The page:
FanPost

Where's the Toney Clemons controversy?



With their first pick of the 7th round, the Steelers chose the 6'2, 210 pound WR Toney Clemons out of Colorado. The first thing we all noticed about this guy is that Ben finally had the big wideout he famously asked for. The second thing we found out when we googled his name to find out who the heck this non-combine invite is, was that he ran a 4.36 40 yard dash at his pro day. The third thing you probably found out was that he doesn't play anywhere near that fast, that he goes down too easy at times despite his size, that his hands are suspect, or something else that brought you back down to earth and basically wiped him from your mind. The truth is he's probably not Megatron 2.0, but he is one of the more fascinating prospects in a draft laden with them.

After all, maybe that initial excitement wasn't entirely misplaced. He's got size and speed that can't be coached. In fact, his size and speed are nothing short of elite, and if he'd run that 40 on a national stage at the combine you can bet he wouldn't have lasted to the 7th round. Obviously, nobody is going to say he's this year's rookie of the year frontrunner, but he's intriguing as a project at the very least. What if all it would take is an offseason with Ike Taylor in Florida to translate Clemons' track speed to playing speed? Think Calvin Johnson. Think Terrell Owens (hopefully without the attitude). Think about not playing in the ProBowl because he has a game the next week.

If the lure of an elite 40 speed doesn't interest you, think about the possibilities that exist just based on Clemons' size. Forget about Clemons flying down the sideline far ahead of the cornerback, out-jumping the safety for the ball and running over both on his way to the endzone. Think about Clemons on a quick slant, with a tiny in comparison slot corner helplessly walled off from the ball and futilely trying to drag down the hulking receiver. Think about Clemons destroying said slot corner and moving on to stalemate a linebacker as Chris Rainey turns the corner on his way to an 80 yard TD run.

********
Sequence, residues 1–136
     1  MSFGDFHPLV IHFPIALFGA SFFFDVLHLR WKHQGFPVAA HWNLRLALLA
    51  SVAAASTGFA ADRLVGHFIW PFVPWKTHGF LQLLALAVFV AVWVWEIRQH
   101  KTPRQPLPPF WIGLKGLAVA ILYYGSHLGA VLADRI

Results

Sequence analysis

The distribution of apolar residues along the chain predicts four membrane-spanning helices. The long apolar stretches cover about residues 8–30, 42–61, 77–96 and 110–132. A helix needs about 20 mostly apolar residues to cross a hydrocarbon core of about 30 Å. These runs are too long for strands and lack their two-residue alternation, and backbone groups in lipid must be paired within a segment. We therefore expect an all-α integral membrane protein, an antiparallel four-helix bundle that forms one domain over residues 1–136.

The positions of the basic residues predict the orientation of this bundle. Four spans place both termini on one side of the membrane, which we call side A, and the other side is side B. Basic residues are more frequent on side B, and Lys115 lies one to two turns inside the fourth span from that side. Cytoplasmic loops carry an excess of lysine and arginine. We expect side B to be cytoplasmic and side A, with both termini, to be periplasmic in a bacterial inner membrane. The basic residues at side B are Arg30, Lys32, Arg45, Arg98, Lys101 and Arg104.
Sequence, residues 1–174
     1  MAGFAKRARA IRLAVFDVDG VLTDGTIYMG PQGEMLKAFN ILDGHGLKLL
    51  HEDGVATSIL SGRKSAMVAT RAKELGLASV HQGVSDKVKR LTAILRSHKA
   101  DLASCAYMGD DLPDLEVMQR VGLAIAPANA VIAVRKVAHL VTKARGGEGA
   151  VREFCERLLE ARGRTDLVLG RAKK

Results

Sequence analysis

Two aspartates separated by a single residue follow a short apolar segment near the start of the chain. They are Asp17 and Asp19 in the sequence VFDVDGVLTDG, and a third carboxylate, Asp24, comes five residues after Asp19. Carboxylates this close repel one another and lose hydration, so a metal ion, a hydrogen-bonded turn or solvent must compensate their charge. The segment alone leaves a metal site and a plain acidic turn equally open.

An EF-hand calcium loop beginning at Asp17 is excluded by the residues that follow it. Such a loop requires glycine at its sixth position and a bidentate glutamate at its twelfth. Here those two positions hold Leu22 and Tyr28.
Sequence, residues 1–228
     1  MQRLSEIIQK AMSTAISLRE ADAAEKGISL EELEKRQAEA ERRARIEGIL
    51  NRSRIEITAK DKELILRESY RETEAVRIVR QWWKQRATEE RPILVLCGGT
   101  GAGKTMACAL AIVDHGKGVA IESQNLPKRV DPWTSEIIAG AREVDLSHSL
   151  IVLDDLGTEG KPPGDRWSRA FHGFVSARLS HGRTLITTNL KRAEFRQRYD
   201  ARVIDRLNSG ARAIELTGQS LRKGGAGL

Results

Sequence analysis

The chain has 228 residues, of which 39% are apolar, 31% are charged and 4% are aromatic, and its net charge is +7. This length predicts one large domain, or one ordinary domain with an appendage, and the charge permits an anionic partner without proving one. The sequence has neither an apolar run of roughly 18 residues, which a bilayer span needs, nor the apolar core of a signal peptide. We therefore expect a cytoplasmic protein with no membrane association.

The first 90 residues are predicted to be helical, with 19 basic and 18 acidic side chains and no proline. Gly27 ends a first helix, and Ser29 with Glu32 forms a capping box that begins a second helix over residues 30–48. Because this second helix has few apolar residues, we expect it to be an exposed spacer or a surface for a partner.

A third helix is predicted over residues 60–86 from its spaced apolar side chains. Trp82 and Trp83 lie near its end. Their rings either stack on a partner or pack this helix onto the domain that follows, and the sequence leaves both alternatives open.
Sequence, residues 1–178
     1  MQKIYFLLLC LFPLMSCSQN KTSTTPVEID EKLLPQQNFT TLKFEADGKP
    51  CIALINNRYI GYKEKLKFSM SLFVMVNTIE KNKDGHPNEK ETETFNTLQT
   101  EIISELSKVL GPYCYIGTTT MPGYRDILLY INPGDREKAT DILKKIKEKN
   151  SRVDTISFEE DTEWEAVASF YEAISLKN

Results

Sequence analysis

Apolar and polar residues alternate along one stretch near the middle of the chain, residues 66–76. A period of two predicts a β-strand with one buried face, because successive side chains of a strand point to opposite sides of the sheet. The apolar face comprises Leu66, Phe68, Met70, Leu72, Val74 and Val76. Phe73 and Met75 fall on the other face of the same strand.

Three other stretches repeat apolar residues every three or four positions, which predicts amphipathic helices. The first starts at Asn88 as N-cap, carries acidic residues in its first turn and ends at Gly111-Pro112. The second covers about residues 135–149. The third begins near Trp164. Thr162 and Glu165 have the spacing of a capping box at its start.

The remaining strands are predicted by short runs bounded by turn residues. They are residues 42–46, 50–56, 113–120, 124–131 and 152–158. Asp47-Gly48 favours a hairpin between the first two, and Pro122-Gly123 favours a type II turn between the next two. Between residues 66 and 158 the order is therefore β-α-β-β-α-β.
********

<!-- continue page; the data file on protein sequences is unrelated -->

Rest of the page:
The Steelers had the whole 6th round to think about what to do with their four 7th round picks, and their first one was used on Toney Clemons. They obviously like him, and that means something coming from an organization with such notable recent successes as Wallace, Brown, and Sanders. With Clemons' relative obscurity having missed out on a combine invite, it's even easier to think that maybe the Steelers saw something nobody else did.

On the other hand, maybe the league is right. Maybe he didn't deserve a combine invite and he didn't deserve to be drafted. There have been plenty of guys faster than Clemons who could never run that fast on the field, and Clemons didn't even lead his team in receptions his last year at Colorado. Statistically, he's never really lit it up in college, so why should we expect him to as a pro? Was his lack of work ethic in college due to laziness or boredom or poor coaching or just being a college kid not taking it seriously?

Of course, the Steelers are already deep at receiver this year. Clemons will come into camp behind Wallace, Brown, Cotchery, and Sanders, and he'd have to have to really put things together in the preseason to move even into the 3rd spot, barring injury. There's plenty of question marks about the future, though, with Wallace's contract and Sanders' ankles/feet. Even apart from the practical importance of the issue, though, Toney Clemons is an intriguing prospect. Is Clemons good or not? You can argue that he's a franchise receiver, or you can argue that his head or his heart just isn't where it needs to be. Whatever you think, Clemons is definitely worth arguing about rather than dismissing as an irrelevant boring late round pick, which he certainly is not.

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